Hello! My name is Jerrica and I work in our Prevocational Services Dept. I help guide and support our program participants in learning and obtaining job skills necessary to prepare for successful and competitive employment. My favorite part about my job is being able to help our program participants find their strengths and watch them grow once they also see what they are capable of.
If you have 3 adjectives to describe yourself what would they be?
I would say I am passionate, positive and enthusiastic about what I do.
“Since Josh has been with us he has made huge strides even within the past year. He has come a long way being able to control the way he communicates to people”. Josh has become more productive in his work since he has been with Goodwill,” says Molly, skills trainer to Josh, looking over to him with pride.
One of the challenges that Josh faced in a job was communicating clearly with co-workers and customers. When Josh first started in the Pre-Vocational program he would allow for certain situations to affect his mood. Molly has been working on coping skills with Josh to help with mood swings. These skills have helped Josh become more productive and happier with his work.
Josh loves to work in the store helping customers and producing wares. Josh is proud that he has become successful with Goodwill. Josh has made significant progress going through the program and is currently still working on goals that he wants to achieve which includes working out in the community.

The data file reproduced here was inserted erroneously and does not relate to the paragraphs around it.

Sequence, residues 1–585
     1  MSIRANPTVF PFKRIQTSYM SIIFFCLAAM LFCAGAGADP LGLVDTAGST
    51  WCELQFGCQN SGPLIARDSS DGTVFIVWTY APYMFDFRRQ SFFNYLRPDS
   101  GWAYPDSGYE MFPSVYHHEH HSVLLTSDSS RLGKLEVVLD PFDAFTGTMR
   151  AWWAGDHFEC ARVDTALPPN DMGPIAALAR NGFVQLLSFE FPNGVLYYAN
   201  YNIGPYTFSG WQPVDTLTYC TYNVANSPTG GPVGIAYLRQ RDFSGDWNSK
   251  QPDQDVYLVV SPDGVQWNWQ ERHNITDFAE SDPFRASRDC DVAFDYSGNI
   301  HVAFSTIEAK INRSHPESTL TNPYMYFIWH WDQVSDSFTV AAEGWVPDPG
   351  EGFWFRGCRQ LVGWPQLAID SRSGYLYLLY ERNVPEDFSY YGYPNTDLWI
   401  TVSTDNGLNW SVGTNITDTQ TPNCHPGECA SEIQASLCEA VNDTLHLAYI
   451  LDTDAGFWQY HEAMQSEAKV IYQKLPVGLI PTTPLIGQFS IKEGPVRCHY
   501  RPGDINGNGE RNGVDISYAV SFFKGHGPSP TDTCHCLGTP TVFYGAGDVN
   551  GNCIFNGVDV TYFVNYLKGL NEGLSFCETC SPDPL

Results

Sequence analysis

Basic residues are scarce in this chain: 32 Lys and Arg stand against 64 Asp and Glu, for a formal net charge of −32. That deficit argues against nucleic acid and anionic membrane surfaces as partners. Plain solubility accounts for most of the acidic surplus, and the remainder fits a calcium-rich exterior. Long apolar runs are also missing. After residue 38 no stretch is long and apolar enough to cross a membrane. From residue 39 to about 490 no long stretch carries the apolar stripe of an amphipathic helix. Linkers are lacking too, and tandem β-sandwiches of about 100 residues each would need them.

Joey has witnessed crime first hand. She worked in the court system and has had to deal with people coming in and out of the court system. Joey knew that her life was not going to get any better living around this crime, so she made a decision. A decision that she knew would be hard but had to be done for the good of her son. With her son she moved to Spearfish in search of a better life.
About a year and a half ago Joey tragically suffered from a head injury that caused short-term memory damage. Joey knew that during this difficult time she needed help and support. She moved to Sioux Falls where a friend helped her adjust back to normal life.
Joey was referred to Goodwill’s Pre-Vocational Program to learn how to get back into the job setting. It has been hard for Joey to learn how to do her job and McKenna, Program Manager in Sioux Falls, encouraged Joey to keep trying and learning even when it is difficult. Joey said, “I have had a hard time getting adjusted, but I know who to go to for help. The physical part of the job has been difficult for me, but I am thankful for the encouraging words from Goodwill staff.”
Our Pre-Vocational Program at Goodwill helps train individuals with disabilities and mental illness. Pre-Vocational services are available for up to two years to support additional soft skill development with a goal to become work ready. When you make a monetary donation, donate your goods, or shop in our retail stores you are helping people like Joey work towards becoming work ready.
Social anxiety is a condition where an individual has difficulty feeling comfortable interacting with people. Deana had been dealing with social anxiety for years and she didn’t feel comfortable leaving the comforts of her house. Unfortunately, her husband lost his job due to the plant shutting down. There was no income coming in, so they had to do something to put food on the table and a safe home for their goddaughter who they just received guardianship for.
Deana and her husband went to the Department of Human Services to receive assistance during this difficult time. They applied for Food Stamps and they helped her husband get a job. However, to receive this assistance Deana had to enter a Goodwill program. Deana started the Employment Skills Training Program through the South Dakota Department of Vocational Rehabilitation. Deana’s work site was provided through Goodwill.